By Bartosz Janikowski, M.D., Vice President, Medical & Scientific Affairs, Worldwide Clinical Trials,

Treatment-resistant schizophrenia is a phenomenon that most clinicians and researchers try to combat in their daily practices. Treatment-resistant schizophrenics are patients who are repeatedly admitted to hospitals or require frequent visits to specialists or, as study subjects, are often excluded from participation in efficacy and safety studies of new antipsychotic medications. That said, the research community faced various definitions of treatment-resistance and response to schizophrenia treatments and was also often not looking specifically into the issue of the adequate adherence to treatments provided sometimes resulting in confusion between treatment resistance and potential resistance to treatment.

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Parkinson’s Clinical Trials: MDS-PD Criteria Implications

By Tomislav Babic, MD, PhD, Vice President Neuroscience Franchise, Worldwide Clinical Trials,
UK Parkinson's Society Brain Bank criteria

Second only to Alzheimer’s disease, Idiopathic Parkinson’s Disease (IPD) is one of the most common neurodegenerative disorders. Despite its prevalence, approximately 5 to 10% of patients with IPD are misdiagnosed, and conversely, up to 20% of patients diagnosed with IPD reveal alternative diagnoses upon autopsy, such as multiple system atrophy, progressive supranuclear palsy, corticobasal degeneration, Ad type pathology, and cerebrovascular disease. Improving Accuracy with MDS-PD It has been suggested that an accuracy of 90% is the best that can be achieved with clinical assessment and existing Parkinson’s disease diagnostic criteria, such as the UK PD Society Brain Bank criteria. In an effort to improve on this and increase diagnostic specificity, the Movement Disorders Society (MDS) recently published Clinical Diagnostic Criteria for Parkinson’s disease (MDS-PD), which reflects more recent understanding of IPD. Increasing Recognition to Non-Motor Manifestations Designed specifically for use in clinical research, but also as a general guide to clinical diagnosis of IPD consequent to Lewy body pathology1, the updated Parkinson’s disease diagnostic criteria gives increasing recognition to non-motor manifestations (motor abnormalities remain central). As with previous diagnostic criteria, the MDS-PD criteria utilize a two-step process for diagnoses. First, parkinsonism, defined as bradykinesia in combination with either rest tremor, rigidity or both, is required. However, this definition of parkinsonism fails to take into consideration a loss of postural reflexes,...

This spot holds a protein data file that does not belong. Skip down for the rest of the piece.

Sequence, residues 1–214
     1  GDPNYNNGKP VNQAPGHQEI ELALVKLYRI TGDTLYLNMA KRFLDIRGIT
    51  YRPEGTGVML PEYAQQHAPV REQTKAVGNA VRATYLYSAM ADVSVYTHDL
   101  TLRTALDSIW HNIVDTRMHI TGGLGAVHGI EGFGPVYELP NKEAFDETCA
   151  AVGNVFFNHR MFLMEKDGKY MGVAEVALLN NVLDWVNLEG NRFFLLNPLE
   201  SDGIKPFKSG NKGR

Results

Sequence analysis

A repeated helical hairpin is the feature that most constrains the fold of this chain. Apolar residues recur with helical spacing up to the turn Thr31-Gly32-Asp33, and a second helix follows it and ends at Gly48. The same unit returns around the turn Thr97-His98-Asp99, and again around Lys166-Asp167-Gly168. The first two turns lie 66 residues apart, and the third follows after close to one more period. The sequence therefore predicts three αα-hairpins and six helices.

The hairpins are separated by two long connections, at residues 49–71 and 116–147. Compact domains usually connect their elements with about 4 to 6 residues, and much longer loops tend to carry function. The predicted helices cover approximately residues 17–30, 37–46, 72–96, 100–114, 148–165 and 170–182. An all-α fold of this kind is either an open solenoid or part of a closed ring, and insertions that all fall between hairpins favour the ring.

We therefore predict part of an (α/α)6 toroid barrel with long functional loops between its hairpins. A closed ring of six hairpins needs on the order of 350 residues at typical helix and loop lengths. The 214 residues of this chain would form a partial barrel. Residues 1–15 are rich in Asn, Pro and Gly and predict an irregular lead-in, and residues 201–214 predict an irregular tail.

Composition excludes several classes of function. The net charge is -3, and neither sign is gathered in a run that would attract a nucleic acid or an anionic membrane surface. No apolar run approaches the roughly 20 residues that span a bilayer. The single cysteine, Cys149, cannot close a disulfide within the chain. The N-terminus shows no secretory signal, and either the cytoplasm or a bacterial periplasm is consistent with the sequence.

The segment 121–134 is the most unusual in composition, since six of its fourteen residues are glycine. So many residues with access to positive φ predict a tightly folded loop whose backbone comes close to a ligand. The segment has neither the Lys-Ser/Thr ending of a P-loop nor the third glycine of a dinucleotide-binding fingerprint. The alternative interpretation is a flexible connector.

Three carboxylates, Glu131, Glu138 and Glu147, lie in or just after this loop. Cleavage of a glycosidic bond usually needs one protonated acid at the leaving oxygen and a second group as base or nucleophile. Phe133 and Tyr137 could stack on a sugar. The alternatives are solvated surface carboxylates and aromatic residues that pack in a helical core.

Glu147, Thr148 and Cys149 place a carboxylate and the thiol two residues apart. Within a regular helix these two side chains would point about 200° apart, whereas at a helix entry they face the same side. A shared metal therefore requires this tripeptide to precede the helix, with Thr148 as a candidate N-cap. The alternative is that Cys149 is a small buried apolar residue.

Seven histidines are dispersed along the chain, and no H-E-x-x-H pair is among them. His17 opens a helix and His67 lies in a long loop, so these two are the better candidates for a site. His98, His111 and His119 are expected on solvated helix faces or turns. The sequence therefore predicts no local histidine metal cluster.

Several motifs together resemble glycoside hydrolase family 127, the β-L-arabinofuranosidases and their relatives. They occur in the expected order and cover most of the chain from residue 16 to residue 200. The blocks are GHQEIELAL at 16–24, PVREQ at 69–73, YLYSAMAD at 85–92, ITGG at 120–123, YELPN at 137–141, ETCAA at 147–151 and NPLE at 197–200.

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Dementia Research: What Can Nrf2 Do For You—and Our Aging Brains?

By Tomislav Babic, M.D., Ph.D.,
Dementia, Nrf2, Aging Brain

Nrf2 has garnered a lot of attention in the field of dementia research. Following are some of the latest scientific breakthroughs that may influence the way we approach central nervous system (CNS) and dementia clinical research over the next few years.